Blunkett offers criminals 'weekend jails'

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The introduction of "weekend jails" where criminals will serve part-time sentences was announced by David Blunkett yesterday as he spelt out plans that will form the basis of Labour's law-and-order platform at the general election.

The introduction of "weekend jails" where criminals will serve part-time sentences was announced by David Blunkett yesterday as he spelt out plans that will form the basis of Labour's law-and-order platform at the general election.

The Home Secretary promised extra cash for prison places, compulsory fostering sessions for unruly teenagers and powers to "name and shame" youngsters who breach anti-social behaviour orders.

He coupled a boost in spending on tackling terrorism with a staunch defence of controversial legislation aimed at al-Qa'ida suspects, warning his critics that Labour would lose public trust forever if it failed to protect the country properly.

Amid pressure to reduce the prison population of 75,000 - the highest in Western Europe - Mr Blunkett is pressing ahead with a scheme allowing convicts to serve part of their sentence in jail and part in community.

The Intermittent Custody Programme, which was criticised by victims' groups last night, is intended to prevent offenders serving short sentences from losing their jobs and homes. Mr Blunkett said the initiative could also benefit women prisoners who risk seeing their families broken up if their children are taken into care.

The Home Secretary announced funding of £100m for a programme to reduce pressure on the prison system by creating 1,300 more places and hiring an additional 1,800 probation staff by 2006.

Police numbers had risen to a record high Mr Blunkett told the conference and they would soon be backed up by 25,000 civilian community support officers. He staunchly defended measures allowing the indefinite detention of foreign terrorist suspects without charge, which has been heavily criticised by civil liberties groups.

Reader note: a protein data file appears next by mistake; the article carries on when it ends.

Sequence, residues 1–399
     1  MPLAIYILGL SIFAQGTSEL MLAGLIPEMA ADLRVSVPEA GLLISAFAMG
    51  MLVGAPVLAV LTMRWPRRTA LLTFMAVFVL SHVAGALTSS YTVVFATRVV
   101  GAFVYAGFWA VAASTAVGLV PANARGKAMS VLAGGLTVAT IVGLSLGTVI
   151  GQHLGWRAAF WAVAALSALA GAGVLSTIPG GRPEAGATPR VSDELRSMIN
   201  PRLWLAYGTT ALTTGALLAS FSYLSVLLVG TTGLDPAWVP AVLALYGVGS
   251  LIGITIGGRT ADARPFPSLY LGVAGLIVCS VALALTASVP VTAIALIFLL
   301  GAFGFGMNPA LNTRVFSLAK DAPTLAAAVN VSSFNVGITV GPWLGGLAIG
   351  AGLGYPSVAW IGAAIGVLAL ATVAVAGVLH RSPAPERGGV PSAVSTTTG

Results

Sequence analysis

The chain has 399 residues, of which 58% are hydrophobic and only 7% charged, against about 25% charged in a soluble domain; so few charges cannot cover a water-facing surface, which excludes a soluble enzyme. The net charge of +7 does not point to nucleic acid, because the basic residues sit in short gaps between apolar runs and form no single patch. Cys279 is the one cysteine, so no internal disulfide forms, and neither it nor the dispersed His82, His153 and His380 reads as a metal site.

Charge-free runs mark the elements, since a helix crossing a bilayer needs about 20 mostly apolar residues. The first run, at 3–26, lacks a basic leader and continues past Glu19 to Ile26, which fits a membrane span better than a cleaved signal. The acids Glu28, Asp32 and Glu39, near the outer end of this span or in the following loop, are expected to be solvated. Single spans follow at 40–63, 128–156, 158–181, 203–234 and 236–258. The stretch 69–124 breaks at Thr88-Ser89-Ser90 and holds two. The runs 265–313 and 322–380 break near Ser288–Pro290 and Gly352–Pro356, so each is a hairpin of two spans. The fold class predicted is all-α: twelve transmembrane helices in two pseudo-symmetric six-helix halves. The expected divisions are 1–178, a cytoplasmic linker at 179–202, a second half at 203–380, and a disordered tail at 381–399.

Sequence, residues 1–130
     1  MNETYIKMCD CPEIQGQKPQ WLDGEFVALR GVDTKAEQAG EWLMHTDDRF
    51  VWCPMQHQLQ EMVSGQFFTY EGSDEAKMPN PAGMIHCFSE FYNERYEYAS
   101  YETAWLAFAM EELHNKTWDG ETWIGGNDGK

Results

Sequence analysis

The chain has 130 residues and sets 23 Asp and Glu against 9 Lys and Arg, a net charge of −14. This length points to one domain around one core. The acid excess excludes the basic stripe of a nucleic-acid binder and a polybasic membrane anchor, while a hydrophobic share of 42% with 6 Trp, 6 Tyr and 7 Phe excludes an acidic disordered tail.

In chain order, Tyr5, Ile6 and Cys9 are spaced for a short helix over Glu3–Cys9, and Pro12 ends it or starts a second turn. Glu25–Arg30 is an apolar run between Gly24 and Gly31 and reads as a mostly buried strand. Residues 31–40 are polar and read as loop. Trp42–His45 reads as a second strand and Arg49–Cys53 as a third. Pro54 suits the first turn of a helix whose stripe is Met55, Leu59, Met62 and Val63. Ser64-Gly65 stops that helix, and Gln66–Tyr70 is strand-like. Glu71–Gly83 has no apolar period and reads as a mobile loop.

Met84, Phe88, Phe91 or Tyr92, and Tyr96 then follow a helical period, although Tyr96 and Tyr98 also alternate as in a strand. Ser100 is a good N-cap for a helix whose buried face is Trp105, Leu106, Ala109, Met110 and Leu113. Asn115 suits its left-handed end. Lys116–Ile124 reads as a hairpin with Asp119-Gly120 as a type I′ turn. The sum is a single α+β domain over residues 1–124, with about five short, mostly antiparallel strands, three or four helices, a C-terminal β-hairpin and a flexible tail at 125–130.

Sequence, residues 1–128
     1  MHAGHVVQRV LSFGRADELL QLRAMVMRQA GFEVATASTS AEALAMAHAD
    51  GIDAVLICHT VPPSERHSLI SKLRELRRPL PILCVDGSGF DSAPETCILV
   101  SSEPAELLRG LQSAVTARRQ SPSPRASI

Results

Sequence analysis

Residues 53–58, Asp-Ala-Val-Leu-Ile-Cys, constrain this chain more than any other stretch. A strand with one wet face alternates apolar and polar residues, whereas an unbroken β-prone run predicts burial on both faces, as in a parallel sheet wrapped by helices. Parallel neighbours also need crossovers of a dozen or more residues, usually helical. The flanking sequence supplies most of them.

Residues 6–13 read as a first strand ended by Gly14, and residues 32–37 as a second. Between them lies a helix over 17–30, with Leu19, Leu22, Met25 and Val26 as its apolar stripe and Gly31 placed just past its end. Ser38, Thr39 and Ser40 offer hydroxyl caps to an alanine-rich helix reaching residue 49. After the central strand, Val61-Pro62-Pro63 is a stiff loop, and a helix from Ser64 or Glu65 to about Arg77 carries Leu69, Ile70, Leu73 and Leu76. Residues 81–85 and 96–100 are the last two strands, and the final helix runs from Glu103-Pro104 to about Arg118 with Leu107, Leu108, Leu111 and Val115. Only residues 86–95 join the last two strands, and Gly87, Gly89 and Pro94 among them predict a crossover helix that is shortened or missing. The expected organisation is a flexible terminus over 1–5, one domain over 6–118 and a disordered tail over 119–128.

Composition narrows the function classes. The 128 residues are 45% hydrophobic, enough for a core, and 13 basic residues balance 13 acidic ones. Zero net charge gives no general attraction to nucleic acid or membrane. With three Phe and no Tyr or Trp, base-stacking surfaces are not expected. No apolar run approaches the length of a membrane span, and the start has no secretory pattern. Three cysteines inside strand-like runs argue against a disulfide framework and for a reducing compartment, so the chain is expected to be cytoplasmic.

He said the "real threat" to democracy had been demonstrated by this year's atrocities in Madrid and Beslan. "Let me tell you this - if we did not do what we are doing and we did not get it right, we can say goodbye to a third term in government. One thing is absolutely certain - we would never be forgiven again if we did not take the legislative measures necessary to back up our counter-terrorism and security forces and made sure no one threatens our lives."

The Home Secretary also announced the Government was allocating another £90m for counter-terrorism measures, mostly for MI5. The rest will be spent on protecting the national infrastructureand buying protective equipment for the emergency services.

Several fresh initiatives for dealing with anti-social behaviour were also announced - one of the top issues for many MPs - including a pilot scheme where criminal youngsters, whose family circumstances are judged a factor in their behaviour, will go to specialist foster homes for up to 12 months.

Youngsters who breach anti-social behaviour orders will be named and shamed in their local media - a legal loophole allows them only to be identified when the orders are issued - and police will launch a three-month drive to shut down "crack houses" in the New Year.

Mr Blunkett received applause when he announced a draft Bill bringing in an offence of corporate manslaughter would be published in November. He said: "No one should be allowed to get away with gross negligence and the killing of others, which has been the case for so long."

In a foretaste of likely general election battles, he denounced the record of Michael Howard, the Tory leader, when he was home secretary. During his term, police numbers fell by 1,100, crime rose and prisoners "went over the wire in their hundreds", Mr Blunkett said.

David Davis, the shadow Home Secretary, retorted: "David Blunkett continues to talk tough on anti-social behaviour but it will take more than Home Office rhetoric and gimmicks to tackle the problem.

He added: "Under this absurd policy of part-time prisons, prisons will not be a place of punishment or rehabilitation but a hotel for criminals."

Mark Oaten, the Liberal Democrat home affairs spokesman said: "People would much prefer it if Mr Blunkett spent more time developing tough and effective solutions rather than just talking tough. We need long-term solutions not just headline-chasing quick fixes."

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